Kevin M. Weeks is a writer and philanthropist. In 2006, he released a crime fiction series called The Street Life series. Book proceeds benefit the Stay Off the Streets Fund, a charitable fund to aid "at risk" teenagers who age out of foster care without a strong support structure. Read more at http://www.kevinmweeks.com.
We're proud to have him as one of our Author Sponsors for Killer Nashville 2010. Thanks, Kevin, for your support.
Killer Nashville: Hi, Kevin. Can you tell us a little bit about your books?
Kevin M. Weeks: I pen a collection of crime fiction novels titled The Street Life Series. The titles of the books follow a pattern format which is a traditional theme for many mystery novels. There are three published books in the series: (1) Is It Suicide or Murder? (2) Is It Passion or Revenge? and (3) Is It Rags or Riches? I am currently writing the fourth novel titled Is It Power or Envy?
In the series, the main character Teco Jackson travels across the globe; and readers witness how Teco responds as crime happens all around him. His innate crime solving skills become a major benefit to a multi-jurisdictional law enforcement team.
Killer Nashville: Sounds interesting! When did you first know you wanted to be an author?
Kevin M. Weeks: About 6 years ago, I was encouraging a group of young adult men and sharing several of my stories with them. As a result, they in turn persuaded me to become published. Hearing their reaction was the pivotal point in my wanting to become an author.
Killer Nashville: And what led you to the crime fiction genre?
Kevin M. Weeks: I believe that I have been blessed with an intuitive gift of writing coupled with a passion for studying and solving crimes.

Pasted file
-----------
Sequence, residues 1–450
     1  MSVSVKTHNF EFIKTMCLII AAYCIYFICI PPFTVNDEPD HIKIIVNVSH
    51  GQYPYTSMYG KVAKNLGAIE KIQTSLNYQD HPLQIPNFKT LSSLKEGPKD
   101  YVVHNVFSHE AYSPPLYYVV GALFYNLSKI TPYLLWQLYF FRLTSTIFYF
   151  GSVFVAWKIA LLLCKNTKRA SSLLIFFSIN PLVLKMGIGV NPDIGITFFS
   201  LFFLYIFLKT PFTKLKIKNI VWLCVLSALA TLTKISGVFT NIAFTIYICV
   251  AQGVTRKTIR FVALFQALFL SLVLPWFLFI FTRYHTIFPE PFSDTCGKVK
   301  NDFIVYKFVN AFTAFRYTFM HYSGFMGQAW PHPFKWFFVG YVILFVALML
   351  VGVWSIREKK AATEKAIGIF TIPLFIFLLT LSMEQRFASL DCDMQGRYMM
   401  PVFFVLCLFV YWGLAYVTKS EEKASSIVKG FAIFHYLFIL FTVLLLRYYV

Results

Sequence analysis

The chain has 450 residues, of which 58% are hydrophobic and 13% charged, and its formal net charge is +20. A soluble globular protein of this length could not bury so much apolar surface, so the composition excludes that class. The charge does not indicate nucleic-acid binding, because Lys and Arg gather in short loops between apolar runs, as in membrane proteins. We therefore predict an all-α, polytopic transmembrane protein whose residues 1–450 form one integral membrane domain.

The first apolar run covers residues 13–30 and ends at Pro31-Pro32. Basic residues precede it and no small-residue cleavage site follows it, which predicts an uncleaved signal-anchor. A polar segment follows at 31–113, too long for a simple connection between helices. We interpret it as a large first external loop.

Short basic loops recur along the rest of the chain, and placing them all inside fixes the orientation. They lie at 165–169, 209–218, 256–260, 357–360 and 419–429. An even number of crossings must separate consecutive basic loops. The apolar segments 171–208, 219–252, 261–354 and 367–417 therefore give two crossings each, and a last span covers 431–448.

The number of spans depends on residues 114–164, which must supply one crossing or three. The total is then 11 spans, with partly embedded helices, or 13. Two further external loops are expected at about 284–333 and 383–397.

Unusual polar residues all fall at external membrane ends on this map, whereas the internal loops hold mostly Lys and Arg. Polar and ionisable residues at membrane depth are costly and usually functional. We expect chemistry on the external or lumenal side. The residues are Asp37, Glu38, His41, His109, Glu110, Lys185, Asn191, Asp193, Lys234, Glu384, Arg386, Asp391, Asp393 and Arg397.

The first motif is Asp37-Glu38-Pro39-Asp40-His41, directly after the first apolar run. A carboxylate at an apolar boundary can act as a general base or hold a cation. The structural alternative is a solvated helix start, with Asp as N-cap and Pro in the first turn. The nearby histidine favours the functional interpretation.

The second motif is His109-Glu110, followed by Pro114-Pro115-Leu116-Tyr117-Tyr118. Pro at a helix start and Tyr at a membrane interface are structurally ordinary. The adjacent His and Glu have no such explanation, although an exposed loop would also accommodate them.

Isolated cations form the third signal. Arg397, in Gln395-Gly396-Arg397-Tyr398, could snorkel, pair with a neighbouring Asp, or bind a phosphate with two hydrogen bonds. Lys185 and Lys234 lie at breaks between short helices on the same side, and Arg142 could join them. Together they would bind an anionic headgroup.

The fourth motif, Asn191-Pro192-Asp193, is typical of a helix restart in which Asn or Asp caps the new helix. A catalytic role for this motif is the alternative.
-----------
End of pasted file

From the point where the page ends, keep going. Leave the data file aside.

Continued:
Killer Nashville: You've said your work is a cross between Urban Fiction and Crime Literature. Could you elaborate?
Kevin M. Weeks: Urban Fiction is centered on the criminal act and survival side of life on the streets set under an urban backdrop. Take that urban fiction theme and add the detective investigation, evidence gathering along with determining motive; then you have my twist on crime fiction writing.
Why should this matter? It is my understanding that many crime fiction readers do not necessarily read urban fiction and vice versa, my goal is to bridge the gap between readerships. I want both genres to be enjoyable to all. Library Journal states, “Think of CBS’s 48 Hours Mystery set to a street lit riff.”
Killer Nashville: That's a great tag line--and an interesting concept. Of course, a compelling detective is one of the most important elements in bringing the concept to life. How did you come up with your protagonist? In what ways is your protagonist like you? In what ways is he different?